Not at a similar level of gravity or intensity, but closer to home, there are those who are scrutinizing the possibilities of disaster for the Conservative Party – even though Vic Toews has now joined the ranks of the departed.
In a good round-up of leading punditry Full Pundit: Rebooting Stephen Harper the National Post asks:
Fuzzy Sweater and Kittens Guy didn’t work. Glowering Autocrat didn’t work. Could the Prime Minister succeed as a democrat?Full Pundit: Rebooting Stephen Harper
The consensus appears to be that the Mike Duffy scandal is not going away with the RCMP investigation PM’s version of events contradicted in court documents on Duffy scandal and the more Mr. Harper and his people tweak their version Stephen Harper is running out of fiction of the story, the more disenchanted the public – and even party members become.
Perhaps the most telling piece is this: Corporal Horton Versus the Harper Government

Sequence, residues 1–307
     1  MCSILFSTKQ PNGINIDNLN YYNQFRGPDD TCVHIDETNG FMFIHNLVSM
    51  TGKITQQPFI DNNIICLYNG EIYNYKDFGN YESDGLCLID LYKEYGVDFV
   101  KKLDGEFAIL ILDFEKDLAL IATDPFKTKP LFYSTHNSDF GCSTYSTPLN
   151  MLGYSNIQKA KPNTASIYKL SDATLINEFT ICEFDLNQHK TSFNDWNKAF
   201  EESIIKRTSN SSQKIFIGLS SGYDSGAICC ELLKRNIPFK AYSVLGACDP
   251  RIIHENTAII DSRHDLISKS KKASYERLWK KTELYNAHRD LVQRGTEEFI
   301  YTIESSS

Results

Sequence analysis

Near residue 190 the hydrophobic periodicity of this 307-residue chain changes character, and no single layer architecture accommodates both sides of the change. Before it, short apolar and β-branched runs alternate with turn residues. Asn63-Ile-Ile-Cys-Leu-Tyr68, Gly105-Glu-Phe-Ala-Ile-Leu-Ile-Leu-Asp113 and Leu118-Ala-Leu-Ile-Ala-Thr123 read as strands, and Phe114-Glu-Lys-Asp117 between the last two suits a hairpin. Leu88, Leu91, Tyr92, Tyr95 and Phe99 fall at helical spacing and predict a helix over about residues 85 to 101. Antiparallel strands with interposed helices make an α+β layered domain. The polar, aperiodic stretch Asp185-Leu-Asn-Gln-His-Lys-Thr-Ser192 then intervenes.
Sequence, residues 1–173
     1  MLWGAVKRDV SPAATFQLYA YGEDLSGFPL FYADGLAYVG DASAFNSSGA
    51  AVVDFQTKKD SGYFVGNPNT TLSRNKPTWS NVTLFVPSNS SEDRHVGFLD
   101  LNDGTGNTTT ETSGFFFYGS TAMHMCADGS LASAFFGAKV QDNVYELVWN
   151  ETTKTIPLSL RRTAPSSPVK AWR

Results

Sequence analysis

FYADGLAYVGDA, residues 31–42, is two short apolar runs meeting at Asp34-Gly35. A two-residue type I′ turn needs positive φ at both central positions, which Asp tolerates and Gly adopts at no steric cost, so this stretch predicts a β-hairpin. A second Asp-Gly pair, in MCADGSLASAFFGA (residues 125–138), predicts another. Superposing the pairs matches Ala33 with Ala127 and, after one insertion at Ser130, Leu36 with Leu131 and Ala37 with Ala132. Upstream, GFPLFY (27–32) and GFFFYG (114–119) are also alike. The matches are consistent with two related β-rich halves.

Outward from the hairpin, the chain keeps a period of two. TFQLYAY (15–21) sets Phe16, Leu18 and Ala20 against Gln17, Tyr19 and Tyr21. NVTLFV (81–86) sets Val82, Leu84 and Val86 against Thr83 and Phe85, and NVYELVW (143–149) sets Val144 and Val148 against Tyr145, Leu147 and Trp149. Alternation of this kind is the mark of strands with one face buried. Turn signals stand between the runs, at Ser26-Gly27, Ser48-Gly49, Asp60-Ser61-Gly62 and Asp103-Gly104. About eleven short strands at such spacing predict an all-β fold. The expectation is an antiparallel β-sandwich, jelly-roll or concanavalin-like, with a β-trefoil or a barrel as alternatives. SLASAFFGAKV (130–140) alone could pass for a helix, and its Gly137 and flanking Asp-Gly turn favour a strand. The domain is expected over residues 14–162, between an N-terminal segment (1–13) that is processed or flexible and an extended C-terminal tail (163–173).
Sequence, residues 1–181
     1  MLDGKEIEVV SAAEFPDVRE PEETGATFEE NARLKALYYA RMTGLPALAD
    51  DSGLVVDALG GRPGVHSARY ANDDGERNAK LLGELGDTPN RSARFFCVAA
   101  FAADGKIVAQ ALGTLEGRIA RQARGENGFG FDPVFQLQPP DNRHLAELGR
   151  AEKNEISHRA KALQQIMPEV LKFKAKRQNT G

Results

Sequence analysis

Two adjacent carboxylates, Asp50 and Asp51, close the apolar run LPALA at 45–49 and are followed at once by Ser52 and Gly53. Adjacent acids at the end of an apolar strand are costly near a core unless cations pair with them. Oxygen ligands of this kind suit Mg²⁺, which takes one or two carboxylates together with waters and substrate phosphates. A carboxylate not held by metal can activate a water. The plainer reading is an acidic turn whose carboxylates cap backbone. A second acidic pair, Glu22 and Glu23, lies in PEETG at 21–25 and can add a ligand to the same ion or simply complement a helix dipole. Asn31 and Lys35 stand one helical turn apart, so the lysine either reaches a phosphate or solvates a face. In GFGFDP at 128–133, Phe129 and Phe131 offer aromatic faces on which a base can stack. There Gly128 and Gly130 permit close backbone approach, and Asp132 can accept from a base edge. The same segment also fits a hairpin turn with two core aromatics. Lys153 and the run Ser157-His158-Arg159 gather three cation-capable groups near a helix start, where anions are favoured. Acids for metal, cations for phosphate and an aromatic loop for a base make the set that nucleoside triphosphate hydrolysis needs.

One Mountie’s attempt to get to the bottom of the Mike Duffy scandal.
On June 24, RCMP Corporal Greg Horton filed an affidavit in Ottawa. It is 28 pages of single-space text, his detailed reasons for requesting a “Production Order” that will give him the full story of Senator Mike Duffy’s public life since late 2008.
A week is indeed a lifetime in politics and there are two years to go until the general elections, but this story is not trending happily.

One Comment on "Wednesday Night #1636"

  1. Stephen Kinsman July 10, 2013 at 12:58 pm ·

    What may be required is a review of risk management and protection procedures of every public carrier to standards devised and monitored by a third party, probably a government agency like TSB. Coupled with that, a highly advanced technology and armed, specially trained transportation police forces with protocols specifically devised to protect rail, air, sea and pipeline transportation systems from unapproved interference may have to be introduced. In all this, we should not be attempting to re-invent the wheel. Other countries have the same problem and perhaps an international convention of about ten countries could be arranged to determine a concerted approach to what will rapidly become a worldwide problem. Stephen

Comments are now closed for this article.